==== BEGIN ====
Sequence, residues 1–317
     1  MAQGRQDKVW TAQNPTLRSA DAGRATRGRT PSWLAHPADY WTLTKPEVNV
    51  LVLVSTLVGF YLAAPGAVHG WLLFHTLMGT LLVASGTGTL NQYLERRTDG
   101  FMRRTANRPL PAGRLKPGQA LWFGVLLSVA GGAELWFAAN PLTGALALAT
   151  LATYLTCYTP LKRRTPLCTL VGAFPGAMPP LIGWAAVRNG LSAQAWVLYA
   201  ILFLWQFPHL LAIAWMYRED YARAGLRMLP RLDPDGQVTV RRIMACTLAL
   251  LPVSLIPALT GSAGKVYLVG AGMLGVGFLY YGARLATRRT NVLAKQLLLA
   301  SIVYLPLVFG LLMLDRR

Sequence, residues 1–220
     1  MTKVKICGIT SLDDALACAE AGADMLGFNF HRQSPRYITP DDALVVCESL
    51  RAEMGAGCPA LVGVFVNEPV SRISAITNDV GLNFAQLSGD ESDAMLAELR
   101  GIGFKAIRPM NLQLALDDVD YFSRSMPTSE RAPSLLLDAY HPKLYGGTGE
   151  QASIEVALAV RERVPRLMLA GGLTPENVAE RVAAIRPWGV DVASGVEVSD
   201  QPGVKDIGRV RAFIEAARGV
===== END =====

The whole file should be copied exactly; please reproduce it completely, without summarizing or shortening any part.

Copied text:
Sequence, residues 1–317
     1  MAQGRQDKVW TAQNPTLRSA DAGRATRGRT PSWLAHPADY WTLTKPEVNV
    51  LVLVSTLVGF YLAAPGAVHG WLLFHTLMGT LLVASGTGTL NQYLERRTDG
   101  FMRRTANRPL PAGRLKPGQA LWFGVLLSVA GGAELWFAAN PLTGALALAT
   151  LATYLTCYTP LKRRTPLCTL VGAFPGAMPP LIGWAAVRNG LSAQAWVLYA
   201  ILFLWQFPHL LAIAWMYRED YARAGLRMLP RLDPDGQVTV RRIMACTLAL
   251  LPVSLIPALT GSAGKVYLVG AGMLGVGFLY YGARLATRRT NVLAKQLLLA
   301  SIVYLPLVFG LLMLDRR

Sequence, residues 1–220
     1  MTKVKICGIT SLDDALACAE AGADMLGFNF HRQSPRYITP DDALVVCESL
    51  RAEMGAGCPA LVGVFVNEPV SRISAITNDV GLNFAQLSGD ESDAMLAELR
   101  GIGFKAIRPM NLQLALDDVD YFSRSMPTSE RAPSLLLDAY HPKLYGGTGE
   151  QASIEVALAV RERVPRLMLA GGLTPENVAE RVAAIRPWGV DVASGVEVSD
   201  QPGVKDIGRV RAFIEAARGV